In a previous blog, I wrote about a new surveillance system to collect data on wildland firefighter fatalities (the Wildland Fire Fighter On-Duty Death Surveillance System) under the aegis of the National Institute for Occupational Safety and Health (NIOSH). As mentioned, NFPA’s Fire Incident Data Organization (FIDO) is one of three separate sources of information on wildland fire fighter deaths that will be utilized in this effort. I want to follow up in this blog with a brief description of some of the new system’s mechanics, as well as early findings.
A starting point is to identify the criteria that NIOSH has established for determining just what counts as a wildland fire fighter death, a necessity that emerged when NIOSH researchers found discrepancies between the numbers of fatalities reported by the three information sources owing to differences in how the deaths were defined.
Consequently, NIOSH drew up a multi-part case definition to ensure consistency of its fatality data. Here, fatalities are defined as any fatal injury or illness sustained among wildland fire fighters while on-duty at a wildland fire-related event or while performing wildland fire duties in the U.S.; wildland fire is defined as a non-structure fire occurring in vegetation or natural fuel, including prescribed fire and wildfire, and wildland fire fighter is distinguished as a person with a principal function of fire suppression, whether in a career or volunteer capacity. NIOSH also further defines on-duty as:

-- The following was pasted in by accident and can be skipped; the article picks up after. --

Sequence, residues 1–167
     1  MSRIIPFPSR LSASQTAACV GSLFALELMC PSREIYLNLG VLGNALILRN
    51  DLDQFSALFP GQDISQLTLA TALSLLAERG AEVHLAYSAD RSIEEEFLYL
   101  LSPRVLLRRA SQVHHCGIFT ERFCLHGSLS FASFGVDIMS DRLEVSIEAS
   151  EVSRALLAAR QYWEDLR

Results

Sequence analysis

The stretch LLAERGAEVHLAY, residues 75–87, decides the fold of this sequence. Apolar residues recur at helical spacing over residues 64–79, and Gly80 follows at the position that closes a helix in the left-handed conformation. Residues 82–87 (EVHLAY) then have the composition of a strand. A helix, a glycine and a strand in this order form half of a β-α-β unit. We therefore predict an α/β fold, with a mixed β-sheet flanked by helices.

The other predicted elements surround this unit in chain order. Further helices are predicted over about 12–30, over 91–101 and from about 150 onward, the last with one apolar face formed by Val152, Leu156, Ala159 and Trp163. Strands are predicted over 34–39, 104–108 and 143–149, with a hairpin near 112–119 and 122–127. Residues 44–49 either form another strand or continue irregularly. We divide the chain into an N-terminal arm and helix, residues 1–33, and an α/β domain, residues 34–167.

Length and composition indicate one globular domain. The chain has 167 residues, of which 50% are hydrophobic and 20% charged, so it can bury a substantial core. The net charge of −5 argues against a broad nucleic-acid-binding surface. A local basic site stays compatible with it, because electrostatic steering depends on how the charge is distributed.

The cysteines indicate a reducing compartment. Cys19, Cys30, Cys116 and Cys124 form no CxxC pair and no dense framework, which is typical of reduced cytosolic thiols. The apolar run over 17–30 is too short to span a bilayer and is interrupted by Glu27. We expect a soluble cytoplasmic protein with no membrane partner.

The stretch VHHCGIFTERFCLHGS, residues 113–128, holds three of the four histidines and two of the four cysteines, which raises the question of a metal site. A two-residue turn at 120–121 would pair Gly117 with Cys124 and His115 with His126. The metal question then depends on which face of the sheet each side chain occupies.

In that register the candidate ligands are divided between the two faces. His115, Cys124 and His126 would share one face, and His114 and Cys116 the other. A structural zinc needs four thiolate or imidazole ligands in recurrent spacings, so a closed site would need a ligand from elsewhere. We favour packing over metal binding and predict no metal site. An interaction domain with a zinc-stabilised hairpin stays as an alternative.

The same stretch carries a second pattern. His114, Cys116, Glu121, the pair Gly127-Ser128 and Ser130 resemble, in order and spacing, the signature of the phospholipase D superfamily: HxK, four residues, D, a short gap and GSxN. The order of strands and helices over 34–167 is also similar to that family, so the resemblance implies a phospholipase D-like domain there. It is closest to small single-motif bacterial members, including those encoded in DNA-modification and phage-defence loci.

--a wildland fire or non-fire activity
--the act of responding to or returning from a wildland fire; performing other officially assigned wildland fire or wildland fire fighter duties
--being on call, under orders, or on standby duty, other than at one’s own home or place of business, and
--events covered under the Hometown Heroes Survivors’ Benefits Act of 2003.
As deaths and incident details are received from the three data sources, they’re entered into the NIOSH surveillance system, sometimes after follow-up to reconcile conflicting information.
Drawing on the three data sources, the NIOSH surveillance system has identified 247 wildland fire fighter deaths that occurred between 2001 and 2012.
Already, the strength of combining data sources is suggested by what NIOSH found when comparing its injury count to those of the individual data sources. NIOSH reports that 181 of the 247 deaths (73%) were captured by all three data sources, while 31 of the deaths (13%) were commonly identified two data sources, and 35 deaths (14%) were identified in one source only.
Moving forward, the payoff of the surveillance system will be determined by how effectively it can be used by partners who can leverage the data to target high risk practices or populations, identify training needs, promote protective factors, evaluate prevention outcomes, inform policy, or contribute in other ways to the ultimate goal of reducing wildland fire fighter deaths.
For more on the NIOSH wildland firefighter fatality surveillance initiative, see: https://blogs.cdc.gov/niosh-science-blog/2017/02/16/wildland-ff-surveillance/